The Head of Armed Forces has insisted it is too soon to say that Afghanistan is going to "hell in a handcart" after Boris Johnson voiced concerns about the country.
Gen Sir Nick Carter cautioned against "writing off" Afghanistan because "the truth may become a prophecy".
He said: "We’re very quick to suggest this is gonna go to hell in a handcart. It’s too early to suggest that."
It comes after the Prime Minister told MPs last week he was not "happy" about the deteriorating situation in Afghanistan, as he admitted he was "apprehensive" and that "the situation is fraught with risks".
Mr Johnson later paid tribute to all those who had served in Afghanistan, telling the Commons: "The threat that brought us to Afghanistan in the first place has been greatly diminished by the valour and by the sacrifice of the Armed Forces of Britain, and many other countries.
"We are safer because of everything they did."
However Sir Nick insisted on Sunday that "Afghanistan is a very different country to the one that we entered in 2001".
He cited a "burgeoning civil society" and the fact that the country had its own media and "an education system".
He told The Andrew Marr Show: “The plain fact is that not a day goes by without me thinking of the 457 British military who lost their lives in Afghanistan.
"And I think that all of us can hold our heads up high who fought there because we weren’t defeated tactically on the battlefield, and our military showed phenomenal courage and remarkable adaptability against what was a very, very challenging opponent."
Sir Nick added that he was hopeful for a "political compromise" between the Taliban and Afghan government, but warned of the "risk that the state could fracture, and you could end up with the different ethnicities, breaking the country up as they did in the 1990s".
He said that the most likely way a "compromise" could be achieved would be if the Afghan government was able to retain the provincial capitals.
Credit: Andrew Matthews/PA
Sir Nick, pictured above, said the Afghan government is "pursuing a very sensible strategy of consolidation at the moment", where they are "not going to fight for every rural area because they don’t need to".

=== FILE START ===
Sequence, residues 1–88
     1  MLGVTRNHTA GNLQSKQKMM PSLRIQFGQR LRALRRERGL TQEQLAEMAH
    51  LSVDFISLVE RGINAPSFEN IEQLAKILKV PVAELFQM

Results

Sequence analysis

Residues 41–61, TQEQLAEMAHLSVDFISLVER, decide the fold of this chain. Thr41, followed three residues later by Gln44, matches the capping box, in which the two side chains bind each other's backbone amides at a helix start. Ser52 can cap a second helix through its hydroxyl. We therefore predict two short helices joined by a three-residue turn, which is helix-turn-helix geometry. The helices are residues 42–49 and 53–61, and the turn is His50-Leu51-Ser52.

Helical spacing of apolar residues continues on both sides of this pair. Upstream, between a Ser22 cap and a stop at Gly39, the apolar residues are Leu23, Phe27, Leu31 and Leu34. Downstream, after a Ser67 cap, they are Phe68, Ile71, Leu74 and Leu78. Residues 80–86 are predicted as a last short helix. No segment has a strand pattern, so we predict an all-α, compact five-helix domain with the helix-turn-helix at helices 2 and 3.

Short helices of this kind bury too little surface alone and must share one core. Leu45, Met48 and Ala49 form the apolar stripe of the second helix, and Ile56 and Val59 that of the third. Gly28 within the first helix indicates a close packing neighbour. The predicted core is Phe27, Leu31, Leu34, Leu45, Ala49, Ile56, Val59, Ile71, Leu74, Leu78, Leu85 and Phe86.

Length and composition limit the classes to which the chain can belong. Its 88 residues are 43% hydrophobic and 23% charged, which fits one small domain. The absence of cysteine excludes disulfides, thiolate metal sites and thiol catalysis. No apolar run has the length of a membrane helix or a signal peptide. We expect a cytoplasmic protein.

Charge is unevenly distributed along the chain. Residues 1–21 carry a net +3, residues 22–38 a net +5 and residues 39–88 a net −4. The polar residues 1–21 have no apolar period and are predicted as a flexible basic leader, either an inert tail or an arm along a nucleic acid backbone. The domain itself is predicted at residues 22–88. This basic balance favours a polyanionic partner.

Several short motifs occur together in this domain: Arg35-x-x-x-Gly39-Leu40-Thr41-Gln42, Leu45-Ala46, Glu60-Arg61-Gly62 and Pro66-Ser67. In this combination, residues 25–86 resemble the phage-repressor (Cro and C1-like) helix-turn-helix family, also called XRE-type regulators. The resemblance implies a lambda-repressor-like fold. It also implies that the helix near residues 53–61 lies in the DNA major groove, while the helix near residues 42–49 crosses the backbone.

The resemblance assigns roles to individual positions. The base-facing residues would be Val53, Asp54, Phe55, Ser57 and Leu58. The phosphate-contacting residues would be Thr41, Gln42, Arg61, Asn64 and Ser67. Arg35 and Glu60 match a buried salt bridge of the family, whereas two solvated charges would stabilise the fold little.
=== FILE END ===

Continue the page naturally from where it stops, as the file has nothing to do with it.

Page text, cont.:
His comments come as the country has seen a cascade of Taliban gains in recent weeks.
In Kandahar, India was forced to evacuate dozens of diplomats and security personnel from its consulate, as heavy fighting continued around the southern city.
"The Consulate General of India has not been closed," India’s Ministry of External Affairs said in a statement. "However, due to the intense fighting near Kandahar city, India based personnel have been brought back for the time being.
"This is purely a temporary measure until the situation stabilises. The consulate continues to operate through our local staff members."
A security source said about 50 Indian personnel, including some six diplomats, were evacuated.
Several nations have begun to scale back diplomatic operations as rural districts have been swept from government control.
Last week, Russia and Iran both said they had closed consulates in the north of the country.
Earlier this month China also evacuated 210 nationals from the country.
The Taliban claimed last week that they now control 85 per cent of Afghanistan, much of it grabbed since early May when America began the final stages of its withdrawal.
In Helmand province, for example, Taliban fighters were reported to have captured Garmsir district centre, south of the capital Lashkar Gah.
However, the Afghan government strongly denies the Taliban have made such significant gains and say the militants have yet to take a major town or city.